2024-07-23 7:14 PM

Our Man in Arlington


Markings of the Titanic centennial made this history nerd think of a small volume on display at the Arlington Historical Museum.

Both Sides of the Shield” is a 1905 semiautobiographical novel by prominent Army Major Archibald Butt, who perished at age 47 aboard the great ship on April 14, 1912. His local connections make an inspiring if overlooked tale.

The Augusta-Ga.-born Butt was an intimate of presidents Teddy Roosevelt and William Taft. He earned the distinction of serving as top White House aide, bodyguard, and transport administrator after moving from a newspaper career to become a successful Army quartermaster officer in the Philippines.

Butt knew many of the rich and connected during the Gilded Age, and was a member of the prestigious Society of the Cincinnati, the fraternity of Revolutionary War officers’ descendants that still preserves Butt’s memory.

Butt was on the “unsinkable” Titanic returning from a vacation in Rome, where he’d met the Pope and recuperated from exhaustion (too many White House banquets, he’d said). He was traveling with his Georgetown housemate Frank Millet, a well-known painter. Butt paid 26 pounds, 11 shillings for his first-class cabin, according to the Encyclopedia Titanica, having written to his sister-in-law, “If the old ship goes down, you will find my affairs in shipshape condition.”

After the iceberg collision and the abandon-ship order, Butt was seen with three other men sitting calmly in a smoking room. They “seemed deliberately trying to avoid the noisy confusion of the Boat Deck,” wrote historian Walter Lord. But as numerous survivor accounts would testify, Butt was soon helping women and children including steerage passengers into lifeboats. Butt’s story “had a dozen different endings—all gallant, none verified,” wrote Lord.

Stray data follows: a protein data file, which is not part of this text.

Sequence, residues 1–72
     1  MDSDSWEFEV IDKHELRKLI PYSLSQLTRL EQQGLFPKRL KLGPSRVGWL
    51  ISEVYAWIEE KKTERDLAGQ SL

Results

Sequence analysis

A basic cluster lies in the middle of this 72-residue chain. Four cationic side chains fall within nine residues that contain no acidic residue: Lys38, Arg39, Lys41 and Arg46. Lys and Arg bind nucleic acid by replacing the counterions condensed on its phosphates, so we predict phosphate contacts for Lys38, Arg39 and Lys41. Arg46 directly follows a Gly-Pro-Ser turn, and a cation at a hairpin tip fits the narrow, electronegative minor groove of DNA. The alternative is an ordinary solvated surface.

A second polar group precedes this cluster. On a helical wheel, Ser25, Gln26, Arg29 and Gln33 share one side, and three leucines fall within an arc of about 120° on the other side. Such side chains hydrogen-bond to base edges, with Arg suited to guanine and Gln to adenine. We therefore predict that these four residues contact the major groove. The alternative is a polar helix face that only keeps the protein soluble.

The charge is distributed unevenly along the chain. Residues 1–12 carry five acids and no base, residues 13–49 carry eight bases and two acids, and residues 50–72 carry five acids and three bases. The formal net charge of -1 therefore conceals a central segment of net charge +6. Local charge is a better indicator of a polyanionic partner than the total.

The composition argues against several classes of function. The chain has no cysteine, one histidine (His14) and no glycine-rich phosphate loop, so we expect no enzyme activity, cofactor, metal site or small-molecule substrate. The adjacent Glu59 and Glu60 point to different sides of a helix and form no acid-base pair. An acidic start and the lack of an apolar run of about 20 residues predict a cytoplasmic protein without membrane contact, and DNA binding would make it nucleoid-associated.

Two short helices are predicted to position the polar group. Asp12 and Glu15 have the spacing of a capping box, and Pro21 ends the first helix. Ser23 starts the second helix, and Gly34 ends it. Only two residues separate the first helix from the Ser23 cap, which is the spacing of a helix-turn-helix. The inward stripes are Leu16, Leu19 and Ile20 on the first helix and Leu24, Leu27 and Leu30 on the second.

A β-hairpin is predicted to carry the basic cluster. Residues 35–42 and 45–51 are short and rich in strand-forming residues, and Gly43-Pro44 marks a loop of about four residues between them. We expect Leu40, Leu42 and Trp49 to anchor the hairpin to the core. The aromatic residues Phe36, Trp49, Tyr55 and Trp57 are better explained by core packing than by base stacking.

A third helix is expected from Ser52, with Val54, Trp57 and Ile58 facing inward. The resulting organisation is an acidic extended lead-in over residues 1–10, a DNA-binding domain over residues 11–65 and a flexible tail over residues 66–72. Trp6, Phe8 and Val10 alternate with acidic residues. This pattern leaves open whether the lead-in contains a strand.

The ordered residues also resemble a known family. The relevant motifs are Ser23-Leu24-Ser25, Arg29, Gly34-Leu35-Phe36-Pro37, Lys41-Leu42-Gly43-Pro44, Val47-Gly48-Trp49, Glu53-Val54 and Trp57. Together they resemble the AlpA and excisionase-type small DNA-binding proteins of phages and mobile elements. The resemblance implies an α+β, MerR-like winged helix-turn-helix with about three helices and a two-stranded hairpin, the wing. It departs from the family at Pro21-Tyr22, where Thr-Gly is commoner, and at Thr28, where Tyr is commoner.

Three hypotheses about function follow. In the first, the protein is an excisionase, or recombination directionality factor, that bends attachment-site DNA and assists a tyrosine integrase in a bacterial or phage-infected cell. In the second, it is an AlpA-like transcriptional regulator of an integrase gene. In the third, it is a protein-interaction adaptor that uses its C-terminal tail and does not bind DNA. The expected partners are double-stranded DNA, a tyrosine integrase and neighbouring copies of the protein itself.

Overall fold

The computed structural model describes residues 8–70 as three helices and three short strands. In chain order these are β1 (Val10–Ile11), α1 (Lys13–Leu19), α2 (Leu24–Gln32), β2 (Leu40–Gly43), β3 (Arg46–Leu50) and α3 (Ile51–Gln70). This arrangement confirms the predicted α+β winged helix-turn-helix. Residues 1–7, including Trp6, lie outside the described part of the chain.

A new book by Hugh Brewster titled “Gilded Lives, Fatal Voyage,” noting the effects of hypothermia, says a crewman later recalled seeing an Army officer crawl aboard a boat and promptly die. “Those who tried to swim without lifejackets out to boats were … likely among the first to perish,” Brewster wrote. “Archie Butt may have been one of them.”

President Taft later wrote in tribute that Butt “would certainly remain on the ship’s deck until every duty had been performed and every sacrifice made….” He approved a design for the Butt-Millet Memorial Fountain, on the Ellipse, funds for which were raised privately via marquee names–Tiffany, Olmstead, Frick. A bas-relief honoring Butt is at Washington National Cathedral, and there’s a Butt Memorial Bridge in Augusta.

Closer to home, in Arlington Cemetery, on a hill near the Tomb of Unknown Soldier, is a Celtic cross. “All other memorial markers I have seen at Arlington are not as large as his private monument which, according to the inscription, was placed on the spot Butt had previously selected,” says my friend George Dodge, author of a book on the cemetery. Dodge loaned Butt’s novel to the museum because “he was such an example of a public servant willing to sacrifice everything for his superiors.”

Consulting “The Letters of Archie Butt,” published in 1924, I came across one more Arlington detail. On a freezing day in January 1909, President Roosevelt insisted Butt accompany him on a manly 90-mile horse ride out to Warrenton. The two skipped their habitual stop at Fort Myer, instead veering “to the right” and riding first the six miles to Falls Church.


Charlie Clark may be e-mailed at cclarkjedd@aol.com






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